Kazembe v Malawi Chamber of Commerce and Industry (IRC 313 of 2003 ) ( of ) [2005] MWIRC 12 (22 February 2005);




MATTER NO. IRC 313 OF 2003


KAZEMBE….………………………………………………. APPLICANT


MALAWI CHAMBER OF COMMERCE & INDUSTRY ….....................…………………………………………… RESPONDENT

CORAM: R. Zibelu Banda (Ms.) Deputy Chairperson

Applicant; present

Khumalo, Accountant for Respondent

Ngalauka – Court Clerk


Dismissal- Summary dismissal-Justification-Grounds for dismissal-Failure to take reasonable and lawful orders from superiors-Loss occasioned due to omission-Procedure-Right to be heard.


The applicant was employed on 18 November 1985 as Messenger. He was dismissed on 9 October 2003 while working as Dispatch Rider. He was dismissed for failure to carry out lawful orders as instructed by his superiors. The applicant alleged that the dismissal was unfair because the reason was not valid. The respondent on the other hand contended that the reason was valid and the applicant was given an opportunity to be heard.

The Issue

The issue was whether the reason for dismissal was valid. The applicant was advised to deliver a Press Release to a Newspaper Company for publication. The publication was free with space donated by the Newspaper on condition that the Press Release arrived within a certain time. The respondent asked the applicant to deliver the press release and advised him the essence of keeping the time. In contravention of this order, the applicant did not deliver the Press Release in good time as prescribed, as a result the free space was lost and the Press Release was not published.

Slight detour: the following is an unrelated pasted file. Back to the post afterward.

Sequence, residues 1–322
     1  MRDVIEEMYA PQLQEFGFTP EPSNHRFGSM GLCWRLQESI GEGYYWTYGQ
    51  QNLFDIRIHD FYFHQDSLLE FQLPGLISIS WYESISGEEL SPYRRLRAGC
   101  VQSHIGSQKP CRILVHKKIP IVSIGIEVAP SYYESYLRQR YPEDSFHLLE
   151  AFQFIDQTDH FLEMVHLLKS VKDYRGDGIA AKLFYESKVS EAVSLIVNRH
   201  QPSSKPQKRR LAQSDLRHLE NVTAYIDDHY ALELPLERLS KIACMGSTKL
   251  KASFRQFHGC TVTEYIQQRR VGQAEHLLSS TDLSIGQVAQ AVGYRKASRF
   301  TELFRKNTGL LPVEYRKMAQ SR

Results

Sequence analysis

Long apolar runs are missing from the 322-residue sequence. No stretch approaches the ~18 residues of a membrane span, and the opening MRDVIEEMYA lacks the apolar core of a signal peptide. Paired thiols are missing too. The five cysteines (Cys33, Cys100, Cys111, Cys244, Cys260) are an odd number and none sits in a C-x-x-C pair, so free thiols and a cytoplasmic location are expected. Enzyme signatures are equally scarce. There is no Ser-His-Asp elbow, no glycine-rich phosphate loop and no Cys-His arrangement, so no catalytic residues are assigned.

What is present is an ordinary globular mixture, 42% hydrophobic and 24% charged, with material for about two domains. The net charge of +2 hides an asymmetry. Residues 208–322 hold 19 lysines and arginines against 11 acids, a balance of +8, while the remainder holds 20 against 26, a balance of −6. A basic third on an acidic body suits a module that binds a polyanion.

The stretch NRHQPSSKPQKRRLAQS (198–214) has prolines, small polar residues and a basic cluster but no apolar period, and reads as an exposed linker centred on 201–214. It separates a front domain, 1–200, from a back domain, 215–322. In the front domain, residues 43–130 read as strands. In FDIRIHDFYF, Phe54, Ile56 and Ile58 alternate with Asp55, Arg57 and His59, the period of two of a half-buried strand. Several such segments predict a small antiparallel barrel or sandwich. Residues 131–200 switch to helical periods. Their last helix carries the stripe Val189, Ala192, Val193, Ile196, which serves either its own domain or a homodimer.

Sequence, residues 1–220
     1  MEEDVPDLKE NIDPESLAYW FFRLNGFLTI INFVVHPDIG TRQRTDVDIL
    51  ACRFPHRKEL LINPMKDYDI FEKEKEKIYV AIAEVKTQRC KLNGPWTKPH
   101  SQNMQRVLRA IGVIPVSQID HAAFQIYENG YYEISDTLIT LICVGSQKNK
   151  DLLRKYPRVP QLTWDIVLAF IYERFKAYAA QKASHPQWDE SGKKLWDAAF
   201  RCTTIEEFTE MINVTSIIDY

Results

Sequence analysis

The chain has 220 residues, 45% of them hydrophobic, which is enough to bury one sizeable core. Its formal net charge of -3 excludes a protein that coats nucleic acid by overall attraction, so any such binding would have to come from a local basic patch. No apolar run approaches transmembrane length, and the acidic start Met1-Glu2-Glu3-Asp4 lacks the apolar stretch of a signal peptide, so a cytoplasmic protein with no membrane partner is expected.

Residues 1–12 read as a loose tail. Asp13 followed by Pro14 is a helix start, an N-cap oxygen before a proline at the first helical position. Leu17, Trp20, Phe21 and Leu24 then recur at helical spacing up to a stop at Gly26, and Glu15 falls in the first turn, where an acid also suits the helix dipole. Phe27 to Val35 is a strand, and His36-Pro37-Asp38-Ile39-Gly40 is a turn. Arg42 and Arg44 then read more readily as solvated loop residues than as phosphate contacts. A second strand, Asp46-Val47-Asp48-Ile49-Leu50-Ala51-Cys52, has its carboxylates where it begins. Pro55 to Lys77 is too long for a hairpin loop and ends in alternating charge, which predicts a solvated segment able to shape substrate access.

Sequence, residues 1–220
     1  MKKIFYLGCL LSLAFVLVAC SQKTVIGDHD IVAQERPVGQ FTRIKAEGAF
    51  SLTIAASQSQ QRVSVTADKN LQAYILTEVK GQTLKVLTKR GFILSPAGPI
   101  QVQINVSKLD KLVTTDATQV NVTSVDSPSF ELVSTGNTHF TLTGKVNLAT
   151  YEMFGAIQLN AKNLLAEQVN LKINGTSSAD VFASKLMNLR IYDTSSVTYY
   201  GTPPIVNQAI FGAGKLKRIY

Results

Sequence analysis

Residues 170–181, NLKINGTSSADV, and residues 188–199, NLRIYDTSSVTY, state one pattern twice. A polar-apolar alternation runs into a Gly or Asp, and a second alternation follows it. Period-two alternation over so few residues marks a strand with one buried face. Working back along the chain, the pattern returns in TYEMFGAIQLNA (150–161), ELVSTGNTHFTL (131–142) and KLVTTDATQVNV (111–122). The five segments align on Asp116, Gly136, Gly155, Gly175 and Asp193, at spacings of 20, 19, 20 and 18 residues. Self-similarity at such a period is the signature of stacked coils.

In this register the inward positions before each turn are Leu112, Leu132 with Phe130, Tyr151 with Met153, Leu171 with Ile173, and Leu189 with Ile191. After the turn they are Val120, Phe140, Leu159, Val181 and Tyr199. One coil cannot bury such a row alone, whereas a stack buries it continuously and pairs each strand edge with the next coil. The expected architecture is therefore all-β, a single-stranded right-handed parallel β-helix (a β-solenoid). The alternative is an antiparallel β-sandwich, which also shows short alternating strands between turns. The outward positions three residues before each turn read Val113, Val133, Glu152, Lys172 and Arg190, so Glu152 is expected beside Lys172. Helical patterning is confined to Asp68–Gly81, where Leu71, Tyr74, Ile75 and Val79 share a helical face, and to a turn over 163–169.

The Law

The burden of proving reason for dismissal lies on the employer. The employer must show the reason for dismissal and the court must assess whether that reason is valid. It was thus held in Earl v. Slater and Wheeler, [1973] 1 WLR 51 that:

“It is for the employer to show what was the principal or only reason for dismissal…. and that it was a potentially valid reason…. If the employer fails to discharge this burden, the tribunal must find that the dismissal was unfair.”

In the instant case the respondent showed that the applicant refused to obey reasonable and lawful orders of his superiors. The court finds that the reason was valid. The next question is whether this reason was valid to justify dismissal.

Willful disobedience of lawful or reasonable authority is a serious industrial misconduct. Statutory law, common law and industrial practice all condemn such conduct. For example: Section 59 of the Employment Act, provides that an employee would be dismissed summarily where he willfully disobeyed lawful orders of his employer.

Secondly, conditions of service provided for the respondent, which applied to the applicant also provides that willful disobedience to lawful orders given by the employer is ground for summary dismissal.

Thirdly, text books by renowned authors on Dismissal Law have also expressed the seriousness of such misconduct. See for example, Edwards M. ed. Dismissal Law; A Practical Guide For Management (Kogan Page, London, 1991 at 150) where willful disobedience of lawful and reasonable orders is categorized as a misconduct warranting summary dismissal.

Fourthly, in common law jurisdiction like in England the courts recognize and accept that such misconduct is ground for summary dismissal. In Pepper v. Webb (1969) 2 All ER 216 the appellate court held that the employer was justified in summarily dismissing an employee for willful disobedience of lawful and reasonable orders. In that case the employee, a gardener was asked to plant some flowers but he refused and uttered some derogatory remarks to the effect that he did not care if he was dismissed.


The respondent has proved that the applicant had committed a serious industrial misconduct and the respondent was entitled to dismiss the applicant. The dismissal was in accordance with the law. The dismissal was fair and therefore the action is dismissed in its entirety.

Pronounced in open court this 22nd day of February 2005 at LIMBE.

R. Zibelu Banda (Ms.)